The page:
The CBO projected that about 10 million to 11 million individuals would be enrolled in the public option by 2019. “For several reasons, we anticipate that our estimate of the number of enrollees in the public plan would be substantially smaller than the Lewin Group's,” the report stated.
One consideration is that large employers are expected to have lower administrative costs for health insurance than public and private plans offered through the legislation's health insurance exchange.
“As a result, employees of large firms would be less likely than those of small firms to find the option of purchasing coverage through the exchange attractive,” as opposed to getting insurance through their employer, the report stated.
The report also estimated that employer-based coverage would increase only slightly, by about 3 million people by 2016. In most cases, employers facing the bill's penalties for firms that don't offer qualified coverage would have a strong financial incentive to continue offering coverage to their workers, the report stated.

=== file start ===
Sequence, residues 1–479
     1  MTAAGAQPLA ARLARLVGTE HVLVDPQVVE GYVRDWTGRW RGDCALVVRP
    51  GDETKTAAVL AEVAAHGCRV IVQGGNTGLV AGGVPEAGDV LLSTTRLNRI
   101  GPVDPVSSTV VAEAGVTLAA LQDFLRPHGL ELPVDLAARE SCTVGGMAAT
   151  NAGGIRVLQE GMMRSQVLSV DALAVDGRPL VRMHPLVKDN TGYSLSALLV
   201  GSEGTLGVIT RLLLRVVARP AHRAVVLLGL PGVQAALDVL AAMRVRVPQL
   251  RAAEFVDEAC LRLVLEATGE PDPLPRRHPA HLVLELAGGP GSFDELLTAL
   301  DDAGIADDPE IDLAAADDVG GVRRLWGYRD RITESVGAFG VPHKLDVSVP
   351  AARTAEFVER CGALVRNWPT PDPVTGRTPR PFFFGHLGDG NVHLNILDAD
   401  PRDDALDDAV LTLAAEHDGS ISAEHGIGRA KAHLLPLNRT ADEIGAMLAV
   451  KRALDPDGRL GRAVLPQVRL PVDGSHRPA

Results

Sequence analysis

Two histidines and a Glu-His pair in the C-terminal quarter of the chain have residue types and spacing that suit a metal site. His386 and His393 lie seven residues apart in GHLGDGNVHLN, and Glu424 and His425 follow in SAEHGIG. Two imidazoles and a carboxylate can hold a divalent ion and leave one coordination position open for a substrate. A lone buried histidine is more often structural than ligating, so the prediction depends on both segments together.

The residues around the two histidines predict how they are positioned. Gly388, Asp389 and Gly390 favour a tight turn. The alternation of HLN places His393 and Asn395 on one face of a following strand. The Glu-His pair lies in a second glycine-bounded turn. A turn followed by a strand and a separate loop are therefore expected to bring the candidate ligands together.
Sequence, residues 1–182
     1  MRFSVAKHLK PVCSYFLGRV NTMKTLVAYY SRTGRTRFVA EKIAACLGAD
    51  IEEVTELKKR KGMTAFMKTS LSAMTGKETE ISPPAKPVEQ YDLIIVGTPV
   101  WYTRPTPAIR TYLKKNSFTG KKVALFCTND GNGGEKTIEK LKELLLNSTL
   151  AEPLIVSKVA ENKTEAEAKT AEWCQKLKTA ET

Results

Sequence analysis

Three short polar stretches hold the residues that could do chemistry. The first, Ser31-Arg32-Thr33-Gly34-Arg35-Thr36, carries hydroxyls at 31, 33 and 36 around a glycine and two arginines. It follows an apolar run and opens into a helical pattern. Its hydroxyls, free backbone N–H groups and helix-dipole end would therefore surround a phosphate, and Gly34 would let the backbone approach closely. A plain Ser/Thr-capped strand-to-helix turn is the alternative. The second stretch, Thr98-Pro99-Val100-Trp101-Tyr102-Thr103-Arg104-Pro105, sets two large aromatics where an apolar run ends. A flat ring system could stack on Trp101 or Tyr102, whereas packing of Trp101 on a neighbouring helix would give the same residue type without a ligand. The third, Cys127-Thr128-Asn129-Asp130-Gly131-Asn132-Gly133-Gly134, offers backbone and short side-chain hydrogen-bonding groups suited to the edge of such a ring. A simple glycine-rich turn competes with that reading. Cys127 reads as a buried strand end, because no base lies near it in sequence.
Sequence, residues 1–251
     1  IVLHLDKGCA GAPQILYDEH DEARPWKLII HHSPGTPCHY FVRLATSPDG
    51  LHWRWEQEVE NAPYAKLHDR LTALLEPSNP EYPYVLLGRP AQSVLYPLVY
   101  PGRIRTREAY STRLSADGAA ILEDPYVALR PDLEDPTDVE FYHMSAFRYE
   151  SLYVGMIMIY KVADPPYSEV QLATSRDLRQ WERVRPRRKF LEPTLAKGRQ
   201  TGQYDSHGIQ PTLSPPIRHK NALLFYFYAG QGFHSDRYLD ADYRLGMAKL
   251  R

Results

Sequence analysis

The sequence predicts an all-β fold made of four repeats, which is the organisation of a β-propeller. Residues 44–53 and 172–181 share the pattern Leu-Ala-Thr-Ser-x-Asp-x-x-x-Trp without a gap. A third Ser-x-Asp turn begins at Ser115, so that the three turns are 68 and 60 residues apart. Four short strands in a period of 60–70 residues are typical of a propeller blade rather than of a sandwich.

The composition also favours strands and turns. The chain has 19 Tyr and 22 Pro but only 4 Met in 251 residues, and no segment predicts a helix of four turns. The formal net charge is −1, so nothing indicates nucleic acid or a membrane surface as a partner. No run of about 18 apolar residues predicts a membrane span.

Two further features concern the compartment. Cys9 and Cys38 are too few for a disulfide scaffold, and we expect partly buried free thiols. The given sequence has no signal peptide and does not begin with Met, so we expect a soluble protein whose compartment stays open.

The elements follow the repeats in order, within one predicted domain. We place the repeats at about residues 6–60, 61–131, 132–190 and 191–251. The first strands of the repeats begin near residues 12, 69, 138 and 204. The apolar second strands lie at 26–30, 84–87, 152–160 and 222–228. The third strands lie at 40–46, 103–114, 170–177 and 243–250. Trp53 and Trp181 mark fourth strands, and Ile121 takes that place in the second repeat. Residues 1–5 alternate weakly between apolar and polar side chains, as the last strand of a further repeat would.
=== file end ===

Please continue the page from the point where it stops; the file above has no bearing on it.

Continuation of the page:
The analysis confirms that the bill's provisions “would result in dramatically increased coverage without crowding out private insurance,” according to a statement from the Democratic staffs of the House Ways and Means, Energy and Commerce and Education and Labor panels. Energy and Commerce has yet to complete negotiations on the bill.
The CBO reiterated its earlier estimate that the legislation would add nearly $240 billion to the federal deficit over the next decade. Beyond that point, “the proposal would probably generate substantial increases in federal budget deficits,” the report stated.